* State oil firm says president’s death will not disrupt production
* Any change of govt would have limited impact in short term
* Country is world’s 11th largest crude exporter
By Daniel Wallis and Marianna Parraga
CARACAS, March 5 - Venezuela’s oil industry was operating normally on Tuesday and no disruption was expected following the death of President Hugo Chavez, state oil company PDVSA said, calling for calm in the OPEC nation.
The death of the socialist leader is unlikely to have a big impact on Venezuela’s oil sector in the short term, with key projects expected to stay on track if his preferred successor wins elections due to be called in the next 30 days.
An opposition victory could eventually lead to an increase in foreign investment, but analysts said this could take years to filter through.
Venezuela is the world’s 11th largest crude exporter, a top-four supplier to the United States and an increasingly important fuel source for China. In 2011, OPEC said the nation had overtaken Saudi Arabia as the country with the world’s biggest crude reserves.
In the post-Chavez era oil sales are expected to continue contributing more than 95 percent of Venezuela’s hard currency earnings.
State firm PDVSA said all its installations - including the Paraguana Refining Center, the second-largest in the world - were operating normally and domestic fuel supplies were guaranteed.
“The call for calm is aimed at clearing the climate of rumors and political destabilization that enemies of the fatherland are trying to sow in the public opinion,” PDVSA said in a statement, echoing government charges that the opposition has been seeking to destabilize the country.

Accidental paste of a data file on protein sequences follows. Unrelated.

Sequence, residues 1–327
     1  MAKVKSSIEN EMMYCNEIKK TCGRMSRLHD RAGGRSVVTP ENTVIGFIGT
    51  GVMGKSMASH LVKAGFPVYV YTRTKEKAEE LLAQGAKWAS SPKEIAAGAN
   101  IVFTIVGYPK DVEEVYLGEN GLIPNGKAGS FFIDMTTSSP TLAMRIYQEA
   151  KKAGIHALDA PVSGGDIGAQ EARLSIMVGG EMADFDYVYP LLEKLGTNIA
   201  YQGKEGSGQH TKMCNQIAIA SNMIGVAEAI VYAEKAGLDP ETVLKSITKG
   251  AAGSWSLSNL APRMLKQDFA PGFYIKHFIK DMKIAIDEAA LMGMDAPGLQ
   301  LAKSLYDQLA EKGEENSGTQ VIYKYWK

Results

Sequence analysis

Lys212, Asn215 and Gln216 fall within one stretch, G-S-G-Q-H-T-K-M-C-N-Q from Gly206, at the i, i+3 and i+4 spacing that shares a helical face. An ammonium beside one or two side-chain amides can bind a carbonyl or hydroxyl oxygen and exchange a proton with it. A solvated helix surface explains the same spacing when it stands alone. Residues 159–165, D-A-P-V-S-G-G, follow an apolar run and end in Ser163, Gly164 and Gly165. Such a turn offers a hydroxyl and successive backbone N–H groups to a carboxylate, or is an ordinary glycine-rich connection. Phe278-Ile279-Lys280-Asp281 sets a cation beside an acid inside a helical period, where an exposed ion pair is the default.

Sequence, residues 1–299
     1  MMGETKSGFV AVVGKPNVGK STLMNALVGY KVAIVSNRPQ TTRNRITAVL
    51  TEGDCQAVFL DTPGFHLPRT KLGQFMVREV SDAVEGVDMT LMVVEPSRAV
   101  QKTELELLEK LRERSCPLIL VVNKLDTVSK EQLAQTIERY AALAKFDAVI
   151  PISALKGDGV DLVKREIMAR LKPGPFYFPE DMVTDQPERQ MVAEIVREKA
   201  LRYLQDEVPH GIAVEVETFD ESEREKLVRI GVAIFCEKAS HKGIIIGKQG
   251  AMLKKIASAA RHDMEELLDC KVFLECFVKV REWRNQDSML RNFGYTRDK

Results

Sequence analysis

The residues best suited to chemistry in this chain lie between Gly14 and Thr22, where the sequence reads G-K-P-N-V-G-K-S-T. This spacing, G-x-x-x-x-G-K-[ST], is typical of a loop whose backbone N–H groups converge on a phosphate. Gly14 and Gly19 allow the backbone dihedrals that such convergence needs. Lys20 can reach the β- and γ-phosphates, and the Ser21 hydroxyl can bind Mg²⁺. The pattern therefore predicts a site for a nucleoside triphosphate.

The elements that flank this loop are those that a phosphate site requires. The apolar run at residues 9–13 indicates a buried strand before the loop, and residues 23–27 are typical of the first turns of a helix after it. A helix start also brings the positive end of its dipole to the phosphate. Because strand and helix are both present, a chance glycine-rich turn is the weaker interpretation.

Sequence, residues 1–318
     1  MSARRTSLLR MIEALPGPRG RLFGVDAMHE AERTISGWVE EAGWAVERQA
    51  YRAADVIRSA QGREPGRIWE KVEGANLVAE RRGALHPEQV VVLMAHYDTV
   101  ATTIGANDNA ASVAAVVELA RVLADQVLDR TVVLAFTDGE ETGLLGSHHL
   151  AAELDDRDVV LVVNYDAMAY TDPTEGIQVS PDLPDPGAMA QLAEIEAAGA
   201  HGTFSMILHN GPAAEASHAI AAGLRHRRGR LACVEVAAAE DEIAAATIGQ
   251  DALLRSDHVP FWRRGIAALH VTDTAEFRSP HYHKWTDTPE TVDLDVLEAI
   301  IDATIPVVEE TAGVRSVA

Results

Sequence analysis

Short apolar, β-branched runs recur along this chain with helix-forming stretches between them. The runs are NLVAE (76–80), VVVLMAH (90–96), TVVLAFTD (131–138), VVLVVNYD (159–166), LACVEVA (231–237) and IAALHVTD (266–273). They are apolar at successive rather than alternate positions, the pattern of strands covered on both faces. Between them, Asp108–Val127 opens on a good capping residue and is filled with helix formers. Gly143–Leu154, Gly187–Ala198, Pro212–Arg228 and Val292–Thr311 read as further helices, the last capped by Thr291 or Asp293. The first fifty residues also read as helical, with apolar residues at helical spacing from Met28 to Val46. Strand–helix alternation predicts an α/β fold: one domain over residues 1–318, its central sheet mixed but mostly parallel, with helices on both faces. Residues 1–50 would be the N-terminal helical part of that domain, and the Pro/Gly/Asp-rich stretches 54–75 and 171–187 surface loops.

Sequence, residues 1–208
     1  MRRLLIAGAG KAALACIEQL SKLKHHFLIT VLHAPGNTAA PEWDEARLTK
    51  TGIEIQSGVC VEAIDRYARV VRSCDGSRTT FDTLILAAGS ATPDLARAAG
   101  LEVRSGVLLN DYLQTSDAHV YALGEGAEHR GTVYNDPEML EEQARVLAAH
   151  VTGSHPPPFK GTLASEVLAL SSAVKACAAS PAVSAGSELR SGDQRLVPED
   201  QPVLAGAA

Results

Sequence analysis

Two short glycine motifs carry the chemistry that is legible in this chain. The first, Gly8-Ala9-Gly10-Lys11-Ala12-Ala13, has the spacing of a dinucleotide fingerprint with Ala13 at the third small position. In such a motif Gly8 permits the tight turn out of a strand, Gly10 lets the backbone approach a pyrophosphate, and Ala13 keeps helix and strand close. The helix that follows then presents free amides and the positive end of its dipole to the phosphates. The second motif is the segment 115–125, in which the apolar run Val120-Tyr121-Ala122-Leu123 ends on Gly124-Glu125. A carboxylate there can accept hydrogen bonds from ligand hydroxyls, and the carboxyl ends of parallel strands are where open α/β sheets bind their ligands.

The opposition denies the government’s allegations.
Energy Minister Rafael Ramirez said the nation’s oil workers would be faithful to Chavez’s memory.
“The key to driving the oil industry is in the hands of the 100,000 valiant men and women who have shown their loyalty to Commander Chavez in everything we have been through,” he said, referring to PDVSA’s staff. “That situation will not change.”
An extension of “Chavismo” under his heir apparent, Vice President Nicolas Maduro, would keep important existing projects on track in the Orinoco Belt region, while a change in parties could eventually attract more badly-needed foreign capital.
Key operations will likely continue much as they have done, with joint ventures with Chevron and Spain’s Repsol in the Orinoco belt adding a small amount to current output of around 3 million barrels per day (bpd).
The government has been pushing its partners in the Orinoco and at its older fields elsewhere to come up with more funds to help turnaround stagnant production.
“My expectation is that we will see the status quo, with a transition to a similar style of government from Chavez’s successor,” said Katherine Spector, head of commodity strategy at CIBC World Markets in New York.
The Orinoco projects are expected to eventually add 2 million bpd of new output via investments of more than $80 billion. But that will take years, with executives at joint ventures in the region saying work has often been delayed by lack of infrastructure and delays in payments from PDVSA.
“I don’t expect any change in Venezuelan production in the near term,” said Andrew Lipow, president of Houston-based Lipow Oil Associates.
Likely opposition candidate Henrique Capriles has said he would make some changes to the oil industry, ending some politically motivated oil deals signed during the Chavez years, streamlining PDVSA, which is widely seen as bloated and inefficient, and reviewing all of its joint ventures.
However, these would probably take years and Capriles is unlikely to want to tinker with the sector in the short term.
Neither he nor Maduro are expected to do much quickly about domestic fuel subsidies that have made Venezuela’s gasoline the cheapest in the world: it costs less than $2 to fill up an average SUV.
Government and opposition leaders recognize the losses made on those generous subsidies are too big.
But officials will be wary of increasing prices during a sensitive transition period - given their memories of deadly 1989 riots that were triggered in part by a fuel price hike.